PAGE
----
100% certainty of success is a myth, hence the word roughly.
What is “doing your homework”?
“I never allow myself to have an opinion on anything that I don’t know the other side’s argument better than they do.” — Charlie Munger
We all get hunches; the idea is to play the devils advocate to your own hunches and poke holes. The point being to poke as many holes as possible before we build the product and/or spend time marketing it to customers.
Examples of homework:
- Googling an idea.
- Talking to someone who has worked/is working on the same idea.
- Building a prototype and watching peoples reactions.
- Building an MVP/minimal version and testing it till you conclude
- A hundred more ways limited only by your imagination
Experiments and data don’t provide all the answers and still leave room for intuition. I do things with a lot of intuition. But (borrowing from Richard Mullers book) I cheat by seeding my intuition with hard facts & accurate information.
Tenet 2 — Prioritise Themes not Projects
You’re all excited to create a road map.
You and your team are probably brimming with ideas. They may range from silly (“Maybe if we make the buttons blue, more people will click”) to aggravated (“The homepage is a complete mess. No ones getting it!”) to revolutionary (“What if we sent reminders via tiny drones?”).
The standard advice is take all your shit, make a big list out of it and use one of the many magical formulae to prioritise it.
Problems with that approach
- Apples to Orange comparisons
- Single factor optimisation
Instead a much better thing to do is prioritise 3–4 themes.
A theme is broad business problem for your team/company.
Each theme should have a metric or a clear way to measure impact. A second step in this process is prioritising projects within a theme. Since the metric for these projects is the same, it is easier to calculate/estimate impact and prioritise.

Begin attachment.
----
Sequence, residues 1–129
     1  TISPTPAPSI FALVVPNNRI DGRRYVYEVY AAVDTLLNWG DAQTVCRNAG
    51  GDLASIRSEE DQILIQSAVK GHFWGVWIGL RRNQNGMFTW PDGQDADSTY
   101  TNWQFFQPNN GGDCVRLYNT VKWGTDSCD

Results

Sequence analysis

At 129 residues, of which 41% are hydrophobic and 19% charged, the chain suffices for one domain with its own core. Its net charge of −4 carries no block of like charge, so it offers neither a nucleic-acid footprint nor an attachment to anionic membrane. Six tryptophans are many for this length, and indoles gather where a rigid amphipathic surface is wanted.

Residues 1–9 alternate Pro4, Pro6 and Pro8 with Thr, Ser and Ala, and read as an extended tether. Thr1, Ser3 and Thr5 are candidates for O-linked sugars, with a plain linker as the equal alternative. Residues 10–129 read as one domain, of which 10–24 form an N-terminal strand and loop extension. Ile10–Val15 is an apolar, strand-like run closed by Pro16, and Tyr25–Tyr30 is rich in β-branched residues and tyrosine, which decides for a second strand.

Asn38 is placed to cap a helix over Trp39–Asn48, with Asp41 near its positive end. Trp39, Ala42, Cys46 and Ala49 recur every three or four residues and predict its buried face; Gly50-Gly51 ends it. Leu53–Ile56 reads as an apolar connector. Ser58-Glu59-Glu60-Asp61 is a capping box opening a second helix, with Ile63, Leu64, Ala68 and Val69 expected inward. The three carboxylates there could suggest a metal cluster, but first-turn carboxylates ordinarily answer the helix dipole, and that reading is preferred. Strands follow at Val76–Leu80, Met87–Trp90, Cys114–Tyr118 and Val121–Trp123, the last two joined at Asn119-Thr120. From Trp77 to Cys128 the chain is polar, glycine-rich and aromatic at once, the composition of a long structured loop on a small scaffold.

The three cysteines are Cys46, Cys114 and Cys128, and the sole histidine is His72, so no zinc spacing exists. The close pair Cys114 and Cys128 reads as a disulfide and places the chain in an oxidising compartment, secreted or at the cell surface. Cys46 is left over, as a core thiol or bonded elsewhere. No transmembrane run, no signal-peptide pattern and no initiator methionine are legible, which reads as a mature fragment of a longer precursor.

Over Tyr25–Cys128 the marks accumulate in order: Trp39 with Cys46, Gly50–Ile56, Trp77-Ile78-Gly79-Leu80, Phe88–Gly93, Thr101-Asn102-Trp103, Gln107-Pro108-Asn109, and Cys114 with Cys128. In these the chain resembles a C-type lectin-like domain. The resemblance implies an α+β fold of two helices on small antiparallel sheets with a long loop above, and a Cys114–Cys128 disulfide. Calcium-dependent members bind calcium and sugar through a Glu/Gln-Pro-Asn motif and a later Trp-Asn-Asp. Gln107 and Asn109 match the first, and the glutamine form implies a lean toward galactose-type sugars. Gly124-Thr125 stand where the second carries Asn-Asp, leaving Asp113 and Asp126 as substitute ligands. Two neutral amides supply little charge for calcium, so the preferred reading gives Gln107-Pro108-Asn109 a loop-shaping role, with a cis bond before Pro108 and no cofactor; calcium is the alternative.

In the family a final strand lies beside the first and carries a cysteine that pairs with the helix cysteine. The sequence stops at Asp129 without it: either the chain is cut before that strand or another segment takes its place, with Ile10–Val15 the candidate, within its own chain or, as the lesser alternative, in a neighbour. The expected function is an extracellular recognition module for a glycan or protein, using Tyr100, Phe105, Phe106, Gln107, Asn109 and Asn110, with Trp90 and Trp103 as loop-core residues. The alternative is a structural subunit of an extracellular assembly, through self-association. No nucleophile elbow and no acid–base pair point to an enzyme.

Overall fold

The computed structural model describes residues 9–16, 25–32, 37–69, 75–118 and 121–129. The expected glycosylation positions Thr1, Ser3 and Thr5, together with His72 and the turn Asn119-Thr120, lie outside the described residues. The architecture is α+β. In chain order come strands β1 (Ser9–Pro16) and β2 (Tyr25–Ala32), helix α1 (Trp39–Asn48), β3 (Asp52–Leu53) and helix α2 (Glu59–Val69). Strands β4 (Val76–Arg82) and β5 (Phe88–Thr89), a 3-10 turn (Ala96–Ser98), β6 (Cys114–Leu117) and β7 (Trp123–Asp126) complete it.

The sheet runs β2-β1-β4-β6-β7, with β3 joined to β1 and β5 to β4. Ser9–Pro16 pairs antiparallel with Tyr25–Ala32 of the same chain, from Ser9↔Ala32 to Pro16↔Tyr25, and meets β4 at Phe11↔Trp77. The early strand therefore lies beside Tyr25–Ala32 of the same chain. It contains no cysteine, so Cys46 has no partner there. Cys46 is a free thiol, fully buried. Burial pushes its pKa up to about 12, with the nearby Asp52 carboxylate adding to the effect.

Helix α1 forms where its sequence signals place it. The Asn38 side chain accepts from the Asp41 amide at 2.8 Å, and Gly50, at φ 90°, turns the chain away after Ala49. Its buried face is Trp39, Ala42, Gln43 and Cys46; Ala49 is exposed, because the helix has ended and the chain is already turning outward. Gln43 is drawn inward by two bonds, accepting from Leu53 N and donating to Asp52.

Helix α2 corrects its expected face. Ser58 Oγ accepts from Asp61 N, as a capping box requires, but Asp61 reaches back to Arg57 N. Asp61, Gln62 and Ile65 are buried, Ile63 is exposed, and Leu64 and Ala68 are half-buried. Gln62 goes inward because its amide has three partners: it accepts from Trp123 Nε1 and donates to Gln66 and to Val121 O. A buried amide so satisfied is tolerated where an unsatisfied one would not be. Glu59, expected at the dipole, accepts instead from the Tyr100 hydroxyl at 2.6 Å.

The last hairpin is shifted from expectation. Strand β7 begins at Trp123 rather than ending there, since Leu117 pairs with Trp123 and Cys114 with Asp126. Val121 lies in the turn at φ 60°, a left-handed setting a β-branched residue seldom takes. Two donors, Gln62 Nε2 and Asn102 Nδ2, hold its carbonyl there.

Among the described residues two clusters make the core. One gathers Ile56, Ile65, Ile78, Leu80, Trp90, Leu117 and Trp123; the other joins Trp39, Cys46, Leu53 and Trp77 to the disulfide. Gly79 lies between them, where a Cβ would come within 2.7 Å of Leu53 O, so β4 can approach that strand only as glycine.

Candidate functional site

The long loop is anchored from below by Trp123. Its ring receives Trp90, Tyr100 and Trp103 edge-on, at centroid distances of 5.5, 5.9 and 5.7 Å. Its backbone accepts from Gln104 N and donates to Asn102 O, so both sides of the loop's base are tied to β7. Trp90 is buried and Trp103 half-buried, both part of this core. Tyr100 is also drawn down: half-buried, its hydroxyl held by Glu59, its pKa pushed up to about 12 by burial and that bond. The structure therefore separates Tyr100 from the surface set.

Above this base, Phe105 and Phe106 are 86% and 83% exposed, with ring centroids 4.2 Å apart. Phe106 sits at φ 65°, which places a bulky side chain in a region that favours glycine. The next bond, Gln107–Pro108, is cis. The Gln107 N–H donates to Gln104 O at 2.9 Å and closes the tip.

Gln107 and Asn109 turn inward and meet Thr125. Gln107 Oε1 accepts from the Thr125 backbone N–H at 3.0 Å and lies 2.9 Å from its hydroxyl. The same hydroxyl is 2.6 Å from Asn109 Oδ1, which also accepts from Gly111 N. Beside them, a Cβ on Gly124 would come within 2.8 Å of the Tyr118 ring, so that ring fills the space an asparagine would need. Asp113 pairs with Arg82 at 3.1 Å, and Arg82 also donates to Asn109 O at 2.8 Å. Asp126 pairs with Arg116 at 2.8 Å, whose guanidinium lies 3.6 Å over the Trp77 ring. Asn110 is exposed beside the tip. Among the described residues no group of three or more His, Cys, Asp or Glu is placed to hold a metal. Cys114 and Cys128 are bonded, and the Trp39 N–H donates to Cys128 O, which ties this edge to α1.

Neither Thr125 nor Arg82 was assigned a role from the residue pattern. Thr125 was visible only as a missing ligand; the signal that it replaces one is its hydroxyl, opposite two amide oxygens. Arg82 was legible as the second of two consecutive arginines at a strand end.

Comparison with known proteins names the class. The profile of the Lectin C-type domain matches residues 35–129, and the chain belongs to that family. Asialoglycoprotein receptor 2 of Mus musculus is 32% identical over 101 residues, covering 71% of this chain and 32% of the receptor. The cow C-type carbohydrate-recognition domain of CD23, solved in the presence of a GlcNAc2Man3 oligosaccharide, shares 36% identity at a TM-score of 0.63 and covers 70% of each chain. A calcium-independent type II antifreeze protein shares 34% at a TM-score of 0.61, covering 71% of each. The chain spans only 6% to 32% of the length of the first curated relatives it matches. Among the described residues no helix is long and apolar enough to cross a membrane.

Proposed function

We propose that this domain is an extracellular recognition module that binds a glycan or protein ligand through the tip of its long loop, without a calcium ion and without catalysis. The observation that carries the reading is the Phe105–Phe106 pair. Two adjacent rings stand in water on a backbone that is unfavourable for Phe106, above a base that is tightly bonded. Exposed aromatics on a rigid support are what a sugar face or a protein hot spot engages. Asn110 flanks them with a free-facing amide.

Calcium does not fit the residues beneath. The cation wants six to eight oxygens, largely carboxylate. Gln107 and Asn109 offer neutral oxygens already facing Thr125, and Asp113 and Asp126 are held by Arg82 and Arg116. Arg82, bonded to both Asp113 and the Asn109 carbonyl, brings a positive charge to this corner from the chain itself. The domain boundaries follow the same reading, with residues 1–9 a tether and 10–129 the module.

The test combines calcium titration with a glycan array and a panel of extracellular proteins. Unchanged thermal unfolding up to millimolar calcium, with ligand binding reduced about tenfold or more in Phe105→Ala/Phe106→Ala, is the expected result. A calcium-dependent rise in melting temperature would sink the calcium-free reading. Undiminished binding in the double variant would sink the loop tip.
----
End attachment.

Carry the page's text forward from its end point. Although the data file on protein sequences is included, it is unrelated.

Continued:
By prioritizing themes (as opposed to prioritizing projects), your focus shifts to picking the right problems instead of just ordering projects — which are the solutions to various problems. This also allows you the flexibility to later re-order projects within a theme based on new information that emerges, knowing that the broader problem is still being solved.
One PM should do a maximum of 4 themes.
Example: If a large chunk of items on your road map address difficulties that new customers face; Customer Onboarding is the theme you should spend time working on. That makes it much clearer what is the big problem being solved — it also keeps you aware that there are multiple solutions to the problem — customer onboarding could be solved with a simpler UI, a timely sales call, faster systems, a set of great FAQs or more.
- Having a Mission & Vision is great and you should push yourself/your leadership for it. Makes the bigger picture much clearer.
- Themes are typically set yearly.
- Roadmaps can vary from quarterly to 18 months depending on the type of your business.
- Your meta-strategy is always learning & discovery — about your customers, the market, your team.